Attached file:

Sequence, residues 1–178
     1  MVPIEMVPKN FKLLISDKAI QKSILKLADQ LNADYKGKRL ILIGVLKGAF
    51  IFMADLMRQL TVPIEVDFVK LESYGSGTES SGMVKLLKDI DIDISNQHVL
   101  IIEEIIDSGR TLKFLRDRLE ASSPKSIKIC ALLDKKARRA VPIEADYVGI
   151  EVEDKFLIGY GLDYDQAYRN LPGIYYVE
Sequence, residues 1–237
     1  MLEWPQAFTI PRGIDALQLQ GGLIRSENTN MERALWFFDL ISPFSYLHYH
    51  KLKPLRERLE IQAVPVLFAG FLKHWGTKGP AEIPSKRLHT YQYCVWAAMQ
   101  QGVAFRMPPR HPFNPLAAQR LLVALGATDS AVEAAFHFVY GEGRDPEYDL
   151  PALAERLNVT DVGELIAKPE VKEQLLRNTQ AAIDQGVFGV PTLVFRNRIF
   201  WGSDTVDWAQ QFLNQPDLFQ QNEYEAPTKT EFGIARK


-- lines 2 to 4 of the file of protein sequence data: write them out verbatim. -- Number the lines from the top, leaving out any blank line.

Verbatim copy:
     1  MVPIEMVPKN FKLLISDKAI QKSILKLADQ LNADYKGKRL ILIGVLKGAF
    51  IFMADLMRQL TVPIEVDFVK LESYGSGTES SGMVKLLKDI DIDISNQHVL
   101  IIEEIIDSGR TLKFLRDRLE ASSPKSIKIC ALLDKKARRA VPIEADYVGI